As discussed in more detail above, the ablating portion 20 can take on its desired geometric shape through any suitable method. For example, the ablating element can use a preshaped material which allows the ablating element to take on its desired geometric shape once it exits the distal opening of the guide sheath 12. The preshaped material can be in the form of Nitinol wire, or other suitable shape retaining metal or plastic. Additionally, the dielectric portion, portion 24 of FIG. 3B for example, can be formed from a shape memory material which takes on the desired geometric shape once it exits the distal opening of the guide sheath 12. It should be apparent that such ablation systems incorporating these type of preshaped materials must include guiding sheaths, guide sheath 12 and delivery sheath 16 for example, which are less flexible such that they do not substantially deform while the ablating element, or ablating portion, passes therethrough. Alternatively, the preshaped material can be adapted to take on its shape once it reaches a specific temperature, the temperature of the surrounding blood for example. Once warmed by the blood the ablating element can then take on the desired geometric shape.

Once a first lesion is created, corresponding to the current position of ablating portion 20, the ablating portion 20 is then retracted until it no longer is in substantial contact with the target tissue 18. The guide sheath 12 is then either rotated along its main longitudinal axis or translated within delivery sheath 16 in order to define a new target tissue 18 position. More specifically, with the ablating portion 20 retracted, the guide sheath 12 can be rotated, as shown by arrow R, to another radial position with respect to the longitudinal axis of guide sheath 12. At this point, the ablating portion 20 can then be advanced to engage the target tissue 18 at another desired location, and another lesion can be created therein, the additional lesion being continuous with the first if desired. Alternatively, with the ablating portion 20 retracted, the guide sheath 12 can be advanced or retracted to form a new distal longitudinal axis line. The ablating portion 20 is then advanced to engage the target tissue 18 at the subsequent location and the additional lesion is formed, continuous with the first if desired.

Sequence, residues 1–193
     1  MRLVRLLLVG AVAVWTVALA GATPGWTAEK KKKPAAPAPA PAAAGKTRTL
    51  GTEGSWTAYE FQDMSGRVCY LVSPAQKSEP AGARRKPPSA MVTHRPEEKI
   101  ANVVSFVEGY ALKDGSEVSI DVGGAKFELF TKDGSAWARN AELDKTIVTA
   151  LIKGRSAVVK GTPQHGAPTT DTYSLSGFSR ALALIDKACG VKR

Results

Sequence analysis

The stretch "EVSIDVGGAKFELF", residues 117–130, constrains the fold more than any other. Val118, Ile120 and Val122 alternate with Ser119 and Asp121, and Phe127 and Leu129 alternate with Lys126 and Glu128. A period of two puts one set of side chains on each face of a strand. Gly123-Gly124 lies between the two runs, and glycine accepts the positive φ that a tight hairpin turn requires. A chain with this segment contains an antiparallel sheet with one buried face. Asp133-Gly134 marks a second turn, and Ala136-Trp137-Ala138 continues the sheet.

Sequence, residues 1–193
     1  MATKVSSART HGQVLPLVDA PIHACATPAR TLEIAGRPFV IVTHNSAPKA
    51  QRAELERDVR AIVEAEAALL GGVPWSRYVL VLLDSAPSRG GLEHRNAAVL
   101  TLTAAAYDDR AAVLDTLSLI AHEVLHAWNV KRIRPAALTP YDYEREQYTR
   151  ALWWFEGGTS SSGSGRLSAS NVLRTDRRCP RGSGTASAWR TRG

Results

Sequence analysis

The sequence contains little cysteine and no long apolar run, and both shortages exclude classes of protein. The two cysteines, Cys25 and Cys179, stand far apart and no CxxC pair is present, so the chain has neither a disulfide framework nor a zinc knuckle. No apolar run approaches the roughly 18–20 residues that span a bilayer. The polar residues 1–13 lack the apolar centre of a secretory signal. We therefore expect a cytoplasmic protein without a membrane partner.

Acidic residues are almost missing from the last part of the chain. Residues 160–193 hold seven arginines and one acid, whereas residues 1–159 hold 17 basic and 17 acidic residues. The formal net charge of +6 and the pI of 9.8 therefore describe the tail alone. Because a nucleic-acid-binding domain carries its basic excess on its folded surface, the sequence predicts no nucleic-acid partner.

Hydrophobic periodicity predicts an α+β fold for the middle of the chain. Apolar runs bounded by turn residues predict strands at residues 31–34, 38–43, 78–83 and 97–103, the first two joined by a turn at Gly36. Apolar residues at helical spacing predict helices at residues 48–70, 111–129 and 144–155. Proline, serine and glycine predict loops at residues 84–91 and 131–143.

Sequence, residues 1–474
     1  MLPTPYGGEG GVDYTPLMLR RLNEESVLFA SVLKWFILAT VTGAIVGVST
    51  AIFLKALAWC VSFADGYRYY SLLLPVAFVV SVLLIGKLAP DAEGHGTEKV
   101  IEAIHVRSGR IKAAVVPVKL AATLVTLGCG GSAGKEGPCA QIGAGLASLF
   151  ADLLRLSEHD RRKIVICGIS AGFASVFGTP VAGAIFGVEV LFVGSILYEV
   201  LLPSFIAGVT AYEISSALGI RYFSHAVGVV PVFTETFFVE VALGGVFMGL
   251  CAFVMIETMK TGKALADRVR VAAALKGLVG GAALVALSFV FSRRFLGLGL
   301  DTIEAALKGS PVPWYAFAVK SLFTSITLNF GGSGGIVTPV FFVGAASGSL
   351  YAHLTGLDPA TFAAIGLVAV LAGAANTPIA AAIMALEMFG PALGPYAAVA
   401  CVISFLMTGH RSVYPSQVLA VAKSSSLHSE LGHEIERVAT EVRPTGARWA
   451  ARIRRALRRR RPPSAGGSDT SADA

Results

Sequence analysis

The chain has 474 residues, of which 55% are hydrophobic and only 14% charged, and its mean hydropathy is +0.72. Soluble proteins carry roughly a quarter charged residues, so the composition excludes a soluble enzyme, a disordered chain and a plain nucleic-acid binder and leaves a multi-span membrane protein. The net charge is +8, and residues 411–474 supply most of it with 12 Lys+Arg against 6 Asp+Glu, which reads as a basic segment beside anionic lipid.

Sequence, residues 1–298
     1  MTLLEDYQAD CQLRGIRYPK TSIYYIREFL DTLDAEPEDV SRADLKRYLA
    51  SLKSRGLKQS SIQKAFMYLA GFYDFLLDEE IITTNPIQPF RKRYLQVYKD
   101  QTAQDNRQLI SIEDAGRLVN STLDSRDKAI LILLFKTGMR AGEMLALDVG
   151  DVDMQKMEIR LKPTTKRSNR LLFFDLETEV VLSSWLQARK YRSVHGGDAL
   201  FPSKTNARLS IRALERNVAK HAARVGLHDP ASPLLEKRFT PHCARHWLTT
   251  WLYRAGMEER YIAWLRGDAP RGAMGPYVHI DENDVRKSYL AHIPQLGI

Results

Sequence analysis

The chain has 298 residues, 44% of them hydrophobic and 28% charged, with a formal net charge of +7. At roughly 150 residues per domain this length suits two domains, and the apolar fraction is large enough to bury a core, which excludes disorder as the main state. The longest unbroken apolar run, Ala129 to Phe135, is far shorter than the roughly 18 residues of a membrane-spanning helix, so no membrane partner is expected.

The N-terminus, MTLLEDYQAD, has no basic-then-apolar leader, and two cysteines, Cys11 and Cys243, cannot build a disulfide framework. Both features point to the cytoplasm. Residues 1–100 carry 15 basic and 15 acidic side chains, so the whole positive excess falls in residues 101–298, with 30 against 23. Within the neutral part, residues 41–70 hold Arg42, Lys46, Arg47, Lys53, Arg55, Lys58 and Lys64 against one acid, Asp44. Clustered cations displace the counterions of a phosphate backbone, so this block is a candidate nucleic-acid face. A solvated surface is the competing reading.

While the steering embodiment of FIG. 4 is generally discussed with respect to having the guide sheath 12 translating within and with respect to the delivery sheath 16, it should be readily apparent that the delivery sheath 16 can be translated over and with respect to the guide sheath 12 to form or define the direction of the distal opening of guide sheath 12. Furthermore, the guide sheath 12 can be translatable over delivery sheath 16 as well, the delivery sheath 16 being a more rigid structure such that it functions to conform the guide sheath 12 to the shape of the delivery sheath 16 while translating over delivery sheath 16. As the distal end of sheath 12 passes over the distal end of delivery sheath 16, the distal portion of guide sheath 12 takes on its preformed shape, as discussed in greater detail above.

With reference to FIG. 5, another steering system which can be used as part of an ablation system in accordance with the present invention will be discussed in greater detail, The steering system of FIG. 5 allows for accurate placement of an ablation device adjacent target tissue. As shown, the steering system comprises a flexible or bendable sheath having at least one working lumen therethrough and at least one steering lumen, the steering lumen terminating at a point just proximal to the distal end of the sheath. The ablation device, as part of the ablation system, can be placed within a first of the at least one working lumen and remotely manipulated by the user. The steering system is adapted to cooperate with the ablation device to ensure proper placement of the ablating portion of the ablation device adjacent target tissue.

FIG. 5 depicts a steering system 30, comprising a flexible or bendable sheath 32 having at least one lumen 34 passing therethrough and at least one steering lumen 36, and a steering element 38 (shown in solid line to reduce the likelihood of confusion) which translates through the steering lumen 36. While not required, but is nonetheless preferable, steering lumen 36 terminates at a point proximal to the distal end of sheath 32. Having a termination point allows for use of multiple steering elements without dealing with the problems associated with infiltration of bodily fluids.